Tag Archives: food

Flower syrup at Delvera

Flower syrup at Delvera
Crisna, from Crisna's Olives at Delvera, doesn't only sell olives and olive products. I happened upon these bottles of jasmine and hibiscus flower syrups. Don't they sound divine? In case you can't read the price sticker on the bottles in this photo - at time of writing they cost only R30 for a bottle - which is pretty reasonable, don't you think?

OMG, deep fried oreos!

OMG, deep fried oreos!
Who thinks up this stuff?! Oh, the Americans. Right. I should have guessed. :) Hudsons sells these for R25 (for all four oreos), which is pretty much a bargain for any dessert. They were pretty damn good and the only recommendation I have is to order it with a small bowl of vanilla ice cream.

Market on the Wharf

Market on the Wharf
Market on the Wharf is the V*A Waterfront's slow food market. If you're staying in the area, avoid the crowds and visit the market early for breakfast; there's plenty of yummy food to choose from. :)

French crêpes in Cape Town

French crepes in Cape Town
It's been a real long time since I've had real French crepes. In South Africa, we mostly get pancakes, which are similar to crepes (also round, big, and super-thin), only the batter is somewhat sweeter.

On spotting the stall along Camps Bay's Victoria Street (near Blues), I eyeballed the words "French Pancake" and decided that these probably weren't the real deal. But, when I walked up to the stall I first noticed the Nutella (a filling that's really popular in France), and then realised that the owner really was French - and that the pancakes were indeed real crepes.

I chatted with the owner for a while and learned that he makes both sweet and savory crepes called galettes (made from buckwheat flour), and that he's at Camps Bay most days, unless he's out doing a private function.

Sweet treats

Sweet treats
Isn't it weird that a store named "Fruit 'n Veg" sell cakes and sweets and everything not healthy? These are exactly the antonym of fruit and vegetables! :)

I felt like Augustus Gloop and really had to restrain myself no to dive over the counter and smash as many cakes as I could into my mouth before store security arrived.

The heart of good food in St George’s Mall

The heart of good food
We don't frequent the open-air St George's Mall that often - so we were really surprised when we stumbled upon Fruit 'n Veg City, a fresh food chain that started off many years ago as an alternative to regular supermarkets, selling only fruit and vegetables (normally directly from local farmers).

In subsequent years they expanded, introduced more variety, branched out into selling meat, dairy, and baked goods, and is now in many ways South Africa's equivalent of the renown American Whole Foods Market.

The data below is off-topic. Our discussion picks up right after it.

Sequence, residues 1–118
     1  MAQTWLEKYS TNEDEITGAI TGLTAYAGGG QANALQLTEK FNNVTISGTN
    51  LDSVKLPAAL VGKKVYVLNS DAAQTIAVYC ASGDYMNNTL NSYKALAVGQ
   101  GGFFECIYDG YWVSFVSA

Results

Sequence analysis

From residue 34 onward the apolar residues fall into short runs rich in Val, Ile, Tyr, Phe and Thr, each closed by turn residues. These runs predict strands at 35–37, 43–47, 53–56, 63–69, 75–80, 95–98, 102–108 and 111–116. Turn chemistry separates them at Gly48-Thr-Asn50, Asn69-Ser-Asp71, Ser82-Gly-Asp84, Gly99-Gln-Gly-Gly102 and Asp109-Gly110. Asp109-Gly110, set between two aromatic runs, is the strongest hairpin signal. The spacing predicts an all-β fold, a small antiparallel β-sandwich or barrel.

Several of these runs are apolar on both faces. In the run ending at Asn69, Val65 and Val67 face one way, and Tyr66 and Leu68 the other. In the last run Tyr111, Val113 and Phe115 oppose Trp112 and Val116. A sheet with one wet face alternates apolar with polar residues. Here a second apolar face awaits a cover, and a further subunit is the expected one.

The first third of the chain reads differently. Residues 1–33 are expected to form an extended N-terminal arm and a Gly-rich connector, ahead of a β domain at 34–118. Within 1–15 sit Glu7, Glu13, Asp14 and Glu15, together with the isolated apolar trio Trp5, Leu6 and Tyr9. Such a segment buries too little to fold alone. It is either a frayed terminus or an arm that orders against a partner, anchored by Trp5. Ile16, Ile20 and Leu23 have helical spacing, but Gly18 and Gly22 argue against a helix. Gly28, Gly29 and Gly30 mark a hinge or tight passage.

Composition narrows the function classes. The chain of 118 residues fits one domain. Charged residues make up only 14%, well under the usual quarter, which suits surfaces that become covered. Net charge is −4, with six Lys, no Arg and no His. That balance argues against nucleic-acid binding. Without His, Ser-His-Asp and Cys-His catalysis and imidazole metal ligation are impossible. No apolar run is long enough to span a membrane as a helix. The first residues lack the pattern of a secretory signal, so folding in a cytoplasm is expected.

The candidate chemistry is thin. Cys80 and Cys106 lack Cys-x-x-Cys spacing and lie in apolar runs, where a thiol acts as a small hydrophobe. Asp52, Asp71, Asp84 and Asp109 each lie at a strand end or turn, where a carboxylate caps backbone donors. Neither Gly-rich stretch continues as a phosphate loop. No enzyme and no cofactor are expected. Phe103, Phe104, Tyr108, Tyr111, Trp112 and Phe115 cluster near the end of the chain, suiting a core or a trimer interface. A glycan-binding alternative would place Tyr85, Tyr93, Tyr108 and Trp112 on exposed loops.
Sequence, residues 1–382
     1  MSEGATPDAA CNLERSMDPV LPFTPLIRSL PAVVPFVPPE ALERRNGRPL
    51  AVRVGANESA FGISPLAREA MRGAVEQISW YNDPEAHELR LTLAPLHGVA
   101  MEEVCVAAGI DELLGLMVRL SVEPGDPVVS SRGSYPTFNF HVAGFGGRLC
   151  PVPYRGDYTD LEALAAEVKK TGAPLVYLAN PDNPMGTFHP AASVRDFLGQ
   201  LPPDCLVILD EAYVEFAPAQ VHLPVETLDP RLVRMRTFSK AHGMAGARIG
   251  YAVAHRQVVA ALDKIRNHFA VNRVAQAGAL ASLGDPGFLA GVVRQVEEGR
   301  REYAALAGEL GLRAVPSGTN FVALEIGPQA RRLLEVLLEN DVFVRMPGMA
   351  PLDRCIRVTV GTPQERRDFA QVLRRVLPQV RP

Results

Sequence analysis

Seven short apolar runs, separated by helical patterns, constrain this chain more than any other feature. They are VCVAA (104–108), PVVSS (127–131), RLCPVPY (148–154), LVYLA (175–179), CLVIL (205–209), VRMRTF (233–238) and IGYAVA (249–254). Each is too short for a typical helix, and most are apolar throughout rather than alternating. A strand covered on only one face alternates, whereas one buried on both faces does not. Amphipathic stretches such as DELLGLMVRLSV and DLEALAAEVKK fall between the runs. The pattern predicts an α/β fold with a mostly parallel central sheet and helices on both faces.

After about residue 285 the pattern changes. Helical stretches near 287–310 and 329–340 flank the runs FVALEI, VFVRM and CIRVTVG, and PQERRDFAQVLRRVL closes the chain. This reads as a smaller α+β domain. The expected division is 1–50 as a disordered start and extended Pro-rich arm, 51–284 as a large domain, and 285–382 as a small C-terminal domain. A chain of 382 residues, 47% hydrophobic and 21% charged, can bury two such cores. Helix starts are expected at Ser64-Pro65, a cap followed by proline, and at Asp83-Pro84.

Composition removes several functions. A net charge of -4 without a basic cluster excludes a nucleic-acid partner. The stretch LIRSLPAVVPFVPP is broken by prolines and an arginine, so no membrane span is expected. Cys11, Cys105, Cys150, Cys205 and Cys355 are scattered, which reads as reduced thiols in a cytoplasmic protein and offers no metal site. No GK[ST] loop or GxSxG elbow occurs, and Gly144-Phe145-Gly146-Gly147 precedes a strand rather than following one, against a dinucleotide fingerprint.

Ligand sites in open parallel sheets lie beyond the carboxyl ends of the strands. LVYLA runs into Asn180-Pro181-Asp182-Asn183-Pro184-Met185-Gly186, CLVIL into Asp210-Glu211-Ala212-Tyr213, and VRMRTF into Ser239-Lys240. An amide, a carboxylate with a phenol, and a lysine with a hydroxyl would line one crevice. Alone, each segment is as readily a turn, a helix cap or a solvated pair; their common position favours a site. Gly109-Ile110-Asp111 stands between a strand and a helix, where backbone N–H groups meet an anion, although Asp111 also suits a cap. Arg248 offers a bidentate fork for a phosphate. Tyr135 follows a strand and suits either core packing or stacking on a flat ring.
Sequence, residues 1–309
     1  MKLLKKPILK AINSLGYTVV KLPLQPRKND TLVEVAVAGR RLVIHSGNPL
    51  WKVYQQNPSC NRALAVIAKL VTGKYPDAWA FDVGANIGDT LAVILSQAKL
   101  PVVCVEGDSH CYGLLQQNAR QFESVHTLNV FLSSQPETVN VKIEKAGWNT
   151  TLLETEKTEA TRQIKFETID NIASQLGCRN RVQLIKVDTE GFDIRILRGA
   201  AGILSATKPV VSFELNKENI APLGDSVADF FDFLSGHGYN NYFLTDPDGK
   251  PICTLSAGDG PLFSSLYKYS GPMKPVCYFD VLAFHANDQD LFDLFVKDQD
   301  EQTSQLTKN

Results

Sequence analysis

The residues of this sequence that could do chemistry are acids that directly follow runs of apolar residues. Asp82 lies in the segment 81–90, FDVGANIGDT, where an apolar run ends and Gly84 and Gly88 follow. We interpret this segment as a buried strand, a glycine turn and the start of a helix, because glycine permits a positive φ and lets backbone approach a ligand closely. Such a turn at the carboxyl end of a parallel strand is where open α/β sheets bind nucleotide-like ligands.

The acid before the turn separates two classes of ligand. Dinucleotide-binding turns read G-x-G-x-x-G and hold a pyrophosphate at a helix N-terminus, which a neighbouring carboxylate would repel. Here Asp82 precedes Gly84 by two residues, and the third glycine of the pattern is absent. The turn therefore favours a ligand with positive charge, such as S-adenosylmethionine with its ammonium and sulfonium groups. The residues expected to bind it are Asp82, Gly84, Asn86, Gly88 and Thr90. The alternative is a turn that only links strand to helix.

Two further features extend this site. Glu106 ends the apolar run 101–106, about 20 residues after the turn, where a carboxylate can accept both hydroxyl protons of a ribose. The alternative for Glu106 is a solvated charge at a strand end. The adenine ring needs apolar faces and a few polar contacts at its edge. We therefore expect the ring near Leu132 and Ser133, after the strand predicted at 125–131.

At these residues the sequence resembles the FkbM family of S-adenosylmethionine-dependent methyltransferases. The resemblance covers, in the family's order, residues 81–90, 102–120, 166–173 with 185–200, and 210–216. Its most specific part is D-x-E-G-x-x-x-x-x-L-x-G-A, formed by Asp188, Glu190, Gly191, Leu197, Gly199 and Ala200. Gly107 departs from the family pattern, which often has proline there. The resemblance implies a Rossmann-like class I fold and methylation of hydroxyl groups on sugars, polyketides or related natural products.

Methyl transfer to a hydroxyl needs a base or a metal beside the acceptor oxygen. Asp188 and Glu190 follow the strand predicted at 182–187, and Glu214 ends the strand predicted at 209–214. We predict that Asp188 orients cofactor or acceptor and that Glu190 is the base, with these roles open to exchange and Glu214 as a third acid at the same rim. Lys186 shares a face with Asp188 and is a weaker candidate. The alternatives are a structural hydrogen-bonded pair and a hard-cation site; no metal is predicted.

This particular Fruit 'n Veg store (near the top of St George's Mall in Cape Town) surprised us a little - it was fantastic. The food looked especially yummy. The store was neat and squeaky clean. It wasn't thronging with people, and the variety of food was simply awesome.

If you're hungry and looking for take-away food (other than fast-food), then pop in at Fruit 'n Veg near the top of St George's Mall. I think I even spied an informal group of tables and chairs where you can sit down to quickly devour your meal.

Chicken karahi special!

Chicken karahi special!
When I saw this sign in Woodstock's Lower Main Road I had no idea what chicken karahi was. Friendly Google was helpful enough to explain that it's a Pakastani and North Indian dish that uses plenty of chili to make it hot 'n spicy. The price of R120 doesn't seem like an exceptional bargain though - unless it's a family pack that they're selling (which is possible if, as I suspect, the white writing in the lower left corner reads 1KG).

Ice cream cone

Ice cream cone
Many years ago there used to be a little place that sold ice cream next to the Sea Point public swimming pool. The vendor closed down some time ago, leaving the spot vacant for several years.

Only recently, while walking in the area, did I notice that a small group of vendors have opened shop on the same spot, selling a variety of treats - including this, my favourite. :)


Jive Rocky soda
Jive a popular fizzy drink created in 1989 and produced by Quality Beverages in Cape Town. This particular wall painting of if the flavour Rocky - which is actually ginger beer, and a competitor to Stoney (produced by Coca-Cola). While not inferior, Jive is generally a few rands cheaper than internationally-popular drinks like Coca-Cola or Fanta, which makes it popular among those who drink large quantities of fizzy drinks.